Rapid Prototyping and Improvement

Putting Banate CAD out has been a nice rewarding experience.  Responding to user feedback, making improvements and the like, is ongoing fun.  The great fun of Banate CAD for me is how quickly I can make progress.  The compile/try cycle is very fast.  I use the SciTE editor/environment to do my development.  It’s pretty good about showing errors, and helping you zero in on what’s wrong.  The fact that Lua is such a basic minimalist language actually makes things much easier.

As far as actually using Banate CAD is concerned, today on Thingiverse, I saw an entry for a Mobius Heart.  I thought, hmmm, how hard would it be for me to model that in Banate CAD?

To break this problem down, I first thought about the various things that are operating.  In the Mobius version, there are essentially 3 parametric equations operating at once.

One, determines the heart shape.  You can run this equation, like you would run a circle equation.  Go from 0 to 360, and it will tell you the x,y coordinates along that path.

In the above picture, I’ve essentially done exactly that.

The Second parametric curve would tell you the profile, or cross section of the thing in general.  This could be an ellipse, square, or anything (SuperEllipse).  As long as you could get a value for a parameter from 0..1.

The last parametric curve determines the twist, as you follow around the first curve.  This twist could modify the profile curve, and give you that mobius effect.

In this case, we essentially have a TriParametric thing.  As long as you can describe each of the curves independently, you could just plug them into something and get a mesh out of it.

Today I was adding  a BiParametric object.  This deals with everything from Ellipse, to Torus, and bicubic surfaces.  These shapes all have the same general thing going on.  The only thing that varies is when you ask for a value based on a u,v pair (parameters that vary from 0 to 1).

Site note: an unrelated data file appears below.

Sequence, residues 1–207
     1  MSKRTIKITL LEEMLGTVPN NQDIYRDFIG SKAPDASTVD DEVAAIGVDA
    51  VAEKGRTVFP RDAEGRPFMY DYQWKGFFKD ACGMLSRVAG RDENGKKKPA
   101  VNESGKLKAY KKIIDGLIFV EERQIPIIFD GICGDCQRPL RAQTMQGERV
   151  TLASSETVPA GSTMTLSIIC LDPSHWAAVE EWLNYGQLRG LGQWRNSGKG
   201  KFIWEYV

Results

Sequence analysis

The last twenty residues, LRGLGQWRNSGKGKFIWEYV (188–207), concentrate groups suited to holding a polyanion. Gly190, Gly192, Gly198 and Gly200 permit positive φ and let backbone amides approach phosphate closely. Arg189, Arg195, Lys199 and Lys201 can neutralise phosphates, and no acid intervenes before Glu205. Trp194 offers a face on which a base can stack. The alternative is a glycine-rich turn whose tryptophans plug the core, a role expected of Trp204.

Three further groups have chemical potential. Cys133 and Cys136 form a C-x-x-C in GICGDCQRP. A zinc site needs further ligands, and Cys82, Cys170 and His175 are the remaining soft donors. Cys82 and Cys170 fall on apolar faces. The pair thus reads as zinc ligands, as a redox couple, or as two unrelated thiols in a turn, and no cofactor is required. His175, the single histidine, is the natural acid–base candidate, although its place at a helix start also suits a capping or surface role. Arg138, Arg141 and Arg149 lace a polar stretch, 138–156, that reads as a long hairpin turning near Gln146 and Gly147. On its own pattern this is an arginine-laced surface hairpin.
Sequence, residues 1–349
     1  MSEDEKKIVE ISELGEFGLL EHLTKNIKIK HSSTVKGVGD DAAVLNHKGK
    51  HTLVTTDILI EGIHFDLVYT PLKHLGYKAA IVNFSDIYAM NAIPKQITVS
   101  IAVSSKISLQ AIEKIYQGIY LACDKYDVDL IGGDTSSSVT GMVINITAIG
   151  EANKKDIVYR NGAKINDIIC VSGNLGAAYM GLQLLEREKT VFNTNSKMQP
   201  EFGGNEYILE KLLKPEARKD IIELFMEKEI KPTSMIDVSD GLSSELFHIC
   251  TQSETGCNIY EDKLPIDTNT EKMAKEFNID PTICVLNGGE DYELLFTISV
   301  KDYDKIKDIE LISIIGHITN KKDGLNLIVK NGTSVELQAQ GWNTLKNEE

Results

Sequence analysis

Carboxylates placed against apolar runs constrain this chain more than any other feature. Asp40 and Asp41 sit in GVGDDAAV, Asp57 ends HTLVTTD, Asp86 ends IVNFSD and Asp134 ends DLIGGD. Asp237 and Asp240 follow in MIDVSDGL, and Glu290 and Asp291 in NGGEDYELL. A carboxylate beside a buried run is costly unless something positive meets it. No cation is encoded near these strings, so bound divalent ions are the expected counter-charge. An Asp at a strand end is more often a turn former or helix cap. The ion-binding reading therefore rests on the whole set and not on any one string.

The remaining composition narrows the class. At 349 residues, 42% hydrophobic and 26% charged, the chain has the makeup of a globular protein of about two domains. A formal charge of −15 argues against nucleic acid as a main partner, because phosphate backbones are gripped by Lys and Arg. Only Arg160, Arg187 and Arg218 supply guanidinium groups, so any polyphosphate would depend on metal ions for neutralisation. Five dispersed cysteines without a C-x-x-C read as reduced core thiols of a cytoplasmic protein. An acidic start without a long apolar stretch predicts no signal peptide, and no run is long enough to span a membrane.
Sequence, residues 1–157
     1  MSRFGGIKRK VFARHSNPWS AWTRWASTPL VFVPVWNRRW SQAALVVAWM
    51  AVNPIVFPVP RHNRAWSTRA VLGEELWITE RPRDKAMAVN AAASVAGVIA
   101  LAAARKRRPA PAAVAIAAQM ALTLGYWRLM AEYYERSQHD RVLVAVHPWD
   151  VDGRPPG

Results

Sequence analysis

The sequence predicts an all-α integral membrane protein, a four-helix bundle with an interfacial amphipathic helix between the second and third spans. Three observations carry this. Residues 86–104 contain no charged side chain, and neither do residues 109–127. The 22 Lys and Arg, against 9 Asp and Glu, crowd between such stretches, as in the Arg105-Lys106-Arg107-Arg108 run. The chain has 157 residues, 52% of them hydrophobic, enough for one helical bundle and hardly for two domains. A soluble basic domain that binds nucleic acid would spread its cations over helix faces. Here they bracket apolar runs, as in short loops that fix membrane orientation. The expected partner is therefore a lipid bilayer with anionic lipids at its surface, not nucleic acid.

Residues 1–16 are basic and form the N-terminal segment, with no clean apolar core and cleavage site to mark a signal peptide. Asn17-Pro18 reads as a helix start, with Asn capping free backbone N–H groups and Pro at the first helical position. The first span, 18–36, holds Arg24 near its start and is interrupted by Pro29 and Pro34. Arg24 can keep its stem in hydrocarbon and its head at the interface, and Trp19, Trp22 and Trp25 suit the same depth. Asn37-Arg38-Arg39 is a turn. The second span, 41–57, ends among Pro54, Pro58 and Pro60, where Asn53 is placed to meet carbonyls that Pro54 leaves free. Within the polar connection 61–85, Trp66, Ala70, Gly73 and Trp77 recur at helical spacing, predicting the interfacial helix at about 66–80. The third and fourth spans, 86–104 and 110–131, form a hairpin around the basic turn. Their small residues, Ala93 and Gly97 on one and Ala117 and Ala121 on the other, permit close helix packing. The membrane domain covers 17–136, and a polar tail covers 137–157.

This is great fun because now that there is this BiParametric class, I can create an infinite variety of equations that can utilize it, without having to repeat that silly facet generation code all over the place.  This not only increases my speed in coding, but also reduces my errors, because all the hard stuff is concentrated into one simple place.

Not to allow the focus on 3D have all the fun, I’ve been adding various 2D objects as well.

Well, what good is that?  Isn’t this a CAD program?  Well, yes, but it’s more than just a CAD program, it is a visualization environment.  As such, I need to be able to do things like show dimension lines, bar graphs, and all that other stuff you see in typical 2D environments.  What Banate CAD does is understand the difference between a simple graphic, and a solid shape, which it could export as a .stl for example.   And of course, all good linear extrusions start with some 2D profiles, so this is the beginning of linear extrusions.

Besides all these fundamentals, one more major feature areas I need to add is the ability to do animations.  That doesn’t really add too much to the 3D capabilities, but it certainly gives some pizzazz to the visualization aspects of the thing.  And of course the trick is to do it all without creating such a huge bloated codebase that I can’t maintain over time.  And thus the introduction of the simple class mechanisms.

At any rate, Being able to rapidly lay out code is an extremely rewarding thing.  Being able to then leverage that code to create interesting designs is even more fun.